5 Cs Of Credit Lenders Essay Pdf

Regardless of where you seek funding - from a bank, a local development corporation or a relative - a prospective lender will review your creditworthiness. A complete and thoroughly documented loan request (including a business plan) will help the lender understand you and your business. The "Five C's" are the basic components of credit analysis. They are described here to help you understand what the lender looks for.

The 5C's

Capacity to repay is the most critical of the five factors, it is the primary source of repayment - cash. The prospective lender will want to know exactly how you intend to repay the loan. The lender will consider the cash flow from the business, the timing of the repayment, and the probability of successful repayment of the loan. Payment history on existing credit relationships - personal or commercial- is considered an indicator of future payment performance. Potential lenders also will want to know about other possible sources of repayment.

Break Even Analysis: Know When You Can Expect a Profit

Capital is the money you personally have invested in the business and is an indication of how much you have at risk should the business fail. Interested lenders and investors will expect you to have contributed from your own assets and to have undertaken personal financial risk to establish the business before asking them to commit any funding.

Collateral, or guarantees, are additional forms of security you can provide the lender. Giving a lender collateral means that you pledge an asset you own, such as your home, to the lender with the agreement that it will be the repayment source in case you can't repay the loan. A guarantee, on the other hand, is just that - someone else signs a guarantee document promising to repay the loan if you can't. Some lenders may require such a guarantee in addition to collateral as security for a loan.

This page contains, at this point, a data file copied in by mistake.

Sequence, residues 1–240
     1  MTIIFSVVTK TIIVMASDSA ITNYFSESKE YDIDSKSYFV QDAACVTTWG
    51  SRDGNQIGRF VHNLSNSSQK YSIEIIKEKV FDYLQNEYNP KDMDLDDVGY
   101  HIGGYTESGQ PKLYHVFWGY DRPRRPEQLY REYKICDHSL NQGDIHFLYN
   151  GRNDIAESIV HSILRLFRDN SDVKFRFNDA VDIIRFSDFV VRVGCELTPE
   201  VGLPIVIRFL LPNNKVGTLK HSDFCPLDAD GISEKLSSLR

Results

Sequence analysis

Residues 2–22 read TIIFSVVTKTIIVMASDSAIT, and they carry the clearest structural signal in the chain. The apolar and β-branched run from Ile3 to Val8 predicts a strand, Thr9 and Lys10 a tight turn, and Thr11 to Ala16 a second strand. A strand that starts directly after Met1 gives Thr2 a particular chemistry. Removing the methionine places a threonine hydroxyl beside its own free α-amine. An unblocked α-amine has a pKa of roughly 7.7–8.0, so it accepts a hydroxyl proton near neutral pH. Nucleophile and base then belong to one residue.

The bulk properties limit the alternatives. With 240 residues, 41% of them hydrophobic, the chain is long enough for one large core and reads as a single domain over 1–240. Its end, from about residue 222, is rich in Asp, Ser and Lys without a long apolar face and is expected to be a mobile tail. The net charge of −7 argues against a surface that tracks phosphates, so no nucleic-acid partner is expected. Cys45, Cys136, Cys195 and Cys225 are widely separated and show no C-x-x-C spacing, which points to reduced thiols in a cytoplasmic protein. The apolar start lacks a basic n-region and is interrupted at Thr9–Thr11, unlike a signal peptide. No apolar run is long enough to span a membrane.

Conditions describe the intended purpose of the loan. Will the money be used for working capital, additional equipment or inventory? The lender will also consider local economic conditions and the overall climate, both within your industry and in other industries that could affect your business.

Character is the general impression you make on the prospective lender or investor. The lender will form a subjective opinion as to whether or not you are sufficiently trustworthy to repay the loan or generate a return on funds invested in your company. Your educational background and experience in business and in your industry will be considered. The quality of your references and the background and experience levels of your employees will also be reviewed.

Credit analysis is the method by which one calculates the creditworthiness of a business or organization. In other words, It is the evaluation of the ability of a company to honor its financial obligations. The audited financial statements of a large company might be analyzed when it issues or has issued bonds. Or, a bank may analyze the financial statements of a small business before making or renewing a commercial loan. The term refers to either case, whether the business is large or small.

The objective of credit analysis is to look at both the borrower and the lending facility being proposed and to assign a risk rating. The risk rating is derived by estimating the probability of default by the borrower at a given confidence level over the life of the facility, and by estimating the amount of loss that the lender would suffer in the event of default.

Credit analysis involves a wide variety of financial analysis techniques, including ratio and trend analysis as well as the creation of projections and a detailed analysis of cash flows. Credit analysis also includes an examination of collateral and other sources of repayment as well as credit history and management ability. Analysts attempt to predict the probability that a borrower will default on its debts, and also the severity of losses in the event of default. Credit spreads—the difference in interest rates between theoretically "risk-free" investments such as U.S. treasuries or LIBOR and investments that carry some risk of default—reflect credit analysis by financial market participants.[1]